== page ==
For one, these kits don’t come with MCS certification. Previously, MCS-approved solar thermal panels have been required to claim access to now-expired government incentives, such as RHPP and RHI. While this isn’t too much of an issue right now given that there are no active government grants for solar water heating systems as of 2024, any future incentives will almost certainly require MCS certification. And, given the financial benefits these incentives will offer, it makes sense to spend a little more now for professional installation, then reap the rewards down the line.

Are solar thermal panels worth it?

The question “are solar thermal panels worth it?” is a nuanced one because it depends on your response to another question: “what matters to you?”

If your answer is money, and you’re motivated purely by the cost savings renewable technology might offer, then no – solar thermal panels aren’t worth it. Even accounting for the cost of an average solar water heating system (rather than one at the upper end of the price spectrum), it will still take you between 19 and 38 years to recoup the initial cost.

If you nurture a less short-term, money-oriented view and choose instead to focus on the environmental benefits of solar thermal panels, the picture looks rosier. Every decade, your solar water heating system will prevent between 3,100kg and 9,300kg of CO2 emissions that would have otherwise entered the atmosphere, exacerbating the already perilous, precipitous picture for the planet.

Unknowns still exist, of course. At this stage, with solar thermal panels still a relatively lesser-known technology – having failed to grip the public imagination in the same way solar PV panels now have – it’s not clear which direction prices will fluctuate.

If the price of solar PV panels is anything to go by, though, solar water heating system prices may be set to become more affordable over the next decade.

According to the 2023 edition of Berkeley Lab’s Tracking the Sun report, the installation price of residential solar PV panels has dropped by 23 per cent over the last decade as the technology becomes both more affordable and more prominent in public discourse. Widen the scope back to 2000, and solar PV modules are an incredible 90 per cent cheaper now than they were then.

It bodes well for the price of solar thermal panels going forward – less so for anyone looking to save money by getting in on the ground floor of this emerging technology. As we’ve already discussed, though, adopting renewable technology for your home isn’t just about saving a pound or two – it’s also about doing your bit for the planet. And that certainly can’t wait.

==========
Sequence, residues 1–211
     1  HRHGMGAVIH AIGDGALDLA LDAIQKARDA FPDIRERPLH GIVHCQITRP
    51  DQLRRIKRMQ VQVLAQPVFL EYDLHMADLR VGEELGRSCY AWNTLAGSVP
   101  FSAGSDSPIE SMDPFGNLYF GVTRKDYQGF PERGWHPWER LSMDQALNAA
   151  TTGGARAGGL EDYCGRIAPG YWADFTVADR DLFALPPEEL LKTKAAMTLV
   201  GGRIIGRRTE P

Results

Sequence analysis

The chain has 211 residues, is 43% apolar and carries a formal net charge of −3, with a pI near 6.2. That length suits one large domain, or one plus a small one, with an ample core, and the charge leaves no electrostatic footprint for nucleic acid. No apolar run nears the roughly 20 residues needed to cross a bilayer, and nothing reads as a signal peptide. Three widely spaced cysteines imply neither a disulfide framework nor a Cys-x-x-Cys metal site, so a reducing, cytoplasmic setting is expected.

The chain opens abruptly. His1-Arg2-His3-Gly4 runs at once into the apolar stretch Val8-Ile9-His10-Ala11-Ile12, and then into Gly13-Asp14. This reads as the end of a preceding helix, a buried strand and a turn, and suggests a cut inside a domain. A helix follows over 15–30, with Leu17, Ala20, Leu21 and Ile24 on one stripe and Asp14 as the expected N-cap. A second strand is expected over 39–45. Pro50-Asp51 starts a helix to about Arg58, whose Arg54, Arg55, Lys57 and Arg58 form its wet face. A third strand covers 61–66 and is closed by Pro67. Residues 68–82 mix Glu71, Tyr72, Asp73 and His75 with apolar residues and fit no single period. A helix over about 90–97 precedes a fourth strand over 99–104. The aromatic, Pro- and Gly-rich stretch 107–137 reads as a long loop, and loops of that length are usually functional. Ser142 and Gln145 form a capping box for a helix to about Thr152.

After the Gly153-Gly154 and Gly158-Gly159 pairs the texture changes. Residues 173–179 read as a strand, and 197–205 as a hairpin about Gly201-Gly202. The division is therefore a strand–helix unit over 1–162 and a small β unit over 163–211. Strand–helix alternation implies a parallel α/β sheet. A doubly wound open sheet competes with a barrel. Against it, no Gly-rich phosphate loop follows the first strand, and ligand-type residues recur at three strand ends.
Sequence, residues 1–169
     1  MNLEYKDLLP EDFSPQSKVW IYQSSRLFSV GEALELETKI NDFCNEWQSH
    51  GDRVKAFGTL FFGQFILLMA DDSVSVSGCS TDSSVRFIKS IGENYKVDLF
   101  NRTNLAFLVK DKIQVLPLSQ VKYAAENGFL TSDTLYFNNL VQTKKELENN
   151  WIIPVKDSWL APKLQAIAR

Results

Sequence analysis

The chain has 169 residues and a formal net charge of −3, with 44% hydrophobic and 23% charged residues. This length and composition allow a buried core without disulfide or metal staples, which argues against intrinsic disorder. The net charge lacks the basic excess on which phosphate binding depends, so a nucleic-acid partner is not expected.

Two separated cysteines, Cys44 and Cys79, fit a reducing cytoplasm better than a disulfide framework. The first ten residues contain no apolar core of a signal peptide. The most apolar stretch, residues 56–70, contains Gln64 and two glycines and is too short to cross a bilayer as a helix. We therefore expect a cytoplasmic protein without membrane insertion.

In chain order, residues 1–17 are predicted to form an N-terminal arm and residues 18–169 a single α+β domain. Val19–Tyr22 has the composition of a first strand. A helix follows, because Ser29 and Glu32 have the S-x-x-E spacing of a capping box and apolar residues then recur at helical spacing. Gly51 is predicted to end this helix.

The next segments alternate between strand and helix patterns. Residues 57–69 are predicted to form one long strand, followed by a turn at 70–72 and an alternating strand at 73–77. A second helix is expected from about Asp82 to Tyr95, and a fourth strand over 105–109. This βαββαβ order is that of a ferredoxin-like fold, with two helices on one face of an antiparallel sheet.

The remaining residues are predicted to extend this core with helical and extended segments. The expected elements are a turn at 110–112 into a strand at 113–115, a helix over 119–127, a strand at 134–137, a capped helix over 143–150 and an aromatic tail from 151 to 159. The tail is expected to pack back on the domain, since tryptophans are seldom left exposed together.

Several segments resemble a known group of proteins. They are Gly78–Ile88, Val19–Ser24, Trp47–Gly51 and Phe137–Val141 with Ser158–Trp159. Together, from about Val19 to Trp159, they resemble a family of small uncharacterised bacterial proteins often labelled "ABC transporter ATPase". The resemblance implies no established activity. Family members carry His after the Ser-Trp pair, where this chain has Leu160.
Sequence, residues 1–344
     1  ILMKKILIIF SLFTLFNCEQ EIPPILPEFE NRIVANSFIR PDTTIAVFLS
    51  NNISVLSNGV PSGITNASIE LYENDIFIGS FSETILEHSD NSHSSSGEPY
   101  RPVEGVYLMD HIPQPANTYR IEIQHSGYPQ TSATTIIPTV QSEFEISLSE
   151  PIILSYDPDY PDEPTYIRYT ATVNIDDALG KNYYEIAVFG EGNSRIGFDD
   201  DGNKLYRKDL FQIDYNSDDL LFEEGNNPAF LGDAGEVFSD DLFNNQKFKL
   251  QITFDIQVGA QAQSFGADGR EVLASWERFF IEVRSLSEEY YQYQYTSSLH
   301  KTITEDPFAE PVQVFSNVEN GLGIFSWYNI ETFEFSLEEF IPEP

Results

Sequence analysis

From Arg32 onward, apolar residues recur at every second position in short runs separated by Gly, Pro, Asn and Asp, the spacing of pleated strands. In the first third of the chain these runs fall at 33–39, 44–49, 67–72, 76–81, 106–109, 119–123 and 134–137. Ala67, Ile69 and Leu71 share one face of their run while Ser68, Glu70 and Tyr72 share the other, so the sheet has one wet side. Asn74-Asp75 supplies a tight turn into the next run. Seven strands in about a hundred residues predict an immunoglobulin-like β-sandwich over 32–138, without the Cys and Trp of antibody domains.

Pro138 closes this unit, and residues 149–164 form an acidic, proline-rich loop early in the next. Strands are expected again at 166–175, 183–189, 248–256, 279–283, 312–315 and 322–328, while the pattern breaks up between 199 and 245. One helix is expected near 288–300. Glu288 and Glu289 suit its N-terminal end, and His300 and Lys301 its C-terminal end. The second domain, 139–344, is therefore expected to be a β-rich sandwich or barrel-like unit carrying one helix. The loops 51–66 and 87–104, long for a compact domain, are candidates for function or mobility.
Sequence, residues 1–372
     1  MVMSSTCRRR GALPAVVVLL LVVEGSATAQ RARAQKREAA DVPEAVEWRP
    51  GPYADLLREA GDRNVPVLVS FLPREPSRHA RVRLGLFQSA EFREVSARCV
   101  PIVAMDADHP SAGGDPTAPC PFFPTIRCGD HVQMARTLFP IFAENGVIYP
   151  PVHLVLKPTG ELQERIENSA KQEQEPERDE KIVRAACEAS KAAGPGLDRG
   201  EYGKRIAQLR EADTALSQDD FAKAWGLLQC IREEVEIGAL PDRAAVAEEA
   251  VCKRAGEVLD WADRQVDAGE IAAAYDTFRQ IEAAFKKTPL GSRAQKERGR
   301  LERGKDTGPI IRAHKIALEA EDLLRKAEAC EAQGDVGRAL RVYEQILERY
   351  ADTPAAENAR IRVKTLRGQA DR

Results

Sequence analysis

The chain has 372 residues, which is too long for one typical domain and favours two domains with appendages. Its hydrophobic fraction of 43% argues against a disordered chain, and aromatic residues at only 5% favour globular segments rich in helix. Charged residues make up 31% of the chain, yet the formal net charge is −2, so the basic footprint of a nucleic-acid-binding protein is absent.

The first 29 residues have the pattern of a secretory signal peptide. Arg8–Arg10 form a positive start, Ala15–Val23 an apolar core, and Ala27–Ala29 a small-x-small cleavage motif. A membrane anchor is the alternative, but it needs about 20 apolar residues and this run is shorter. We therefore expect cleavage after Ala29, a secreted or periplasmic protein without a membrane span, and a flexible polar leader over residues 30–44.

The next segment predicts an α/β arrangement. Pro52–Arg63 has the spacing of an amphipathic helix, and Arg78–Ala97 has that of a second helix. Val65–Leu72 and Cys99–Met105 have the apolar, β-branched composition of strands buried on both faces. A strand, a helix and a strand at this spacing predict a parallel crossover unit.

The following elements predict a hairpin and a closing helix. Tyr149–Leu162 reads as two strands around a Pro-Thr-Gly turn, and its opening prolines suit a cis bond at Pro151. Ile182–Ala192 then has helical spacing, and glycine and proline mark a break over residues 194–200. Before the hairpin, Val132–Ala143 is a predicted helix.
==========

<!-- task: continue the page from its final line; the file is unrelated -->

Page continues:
Solar thermal panels FAQs

Provided you have the roof space for both solar power and solar hot water panels, yes – absolutely! These systems do, after all, fuel your home in different ways, with solar thermal panels heating your water and solar PV panels providing you with clean power (which you can sell back to the grid via the SEG when you have excess) and light.

If roof space is an issue but garden space isn’t, you might consider ground-mounted solar PV panels to complement your rooftop-based thermal ones. Mounted on either a traditional racking system or a raised pole structure, these solar panels are built to optimise their exposure to the sun, making them even more energy-efficient than roof-mounted panels.

Yes, the heat energy your solar thermal panels generate can be used to supplement your existing central heating system. How this works is that the heat your solar thermal panels collects is circulated through your home’s radiators or underfloor heating setups and used to warm your home in combination with your existing system of boilers or heat pumps.

While this is possible, however, there’s a major flaw in the logic: the time of year you’re most likely to need central heating (the colder months) is also the time of year your solar thermal panels will be least effective (the darker months). With the energy that your solar thermal panels can produce vastly diminished, they aren’t a cost- or energy-efficient choice for heating your property in winter.

Yes, solar thermal panels can be used all year round, including in winter. However, due to the reduced number of sunlight hours in winter, your solar water heating setup will be less efficient than in summer, accounting for around 65 per cent less of your hot water needs than in the sunnier months of the year.

Rob Binns


Rob is an experienced writer and editor, with a wide range of experience in many topics, including renewable energy and appliances, home security, and business software. He has written for Eco Experts, Home Business, Expert Market, Payments Journal, and Yahoo! Finance. . 

Rob has a passion for smart home technology, online privacy, as well as the environment and renewables, which leads him to the Independent Advisor where he writes about related topics, including cyber security, VPNs, and solar power.


Amy Reeves


Amy is a seasoned writer and editor with a special interest in home design, sustainable technology and green building methods.

She has interviewed hundreds of self-builders, extenders and renovators about their journeys towards individual, well-considered homes, as well as architects and industry experts during her five years working as Assistant Editor at Homebuilding & Renovating, part of Future plc.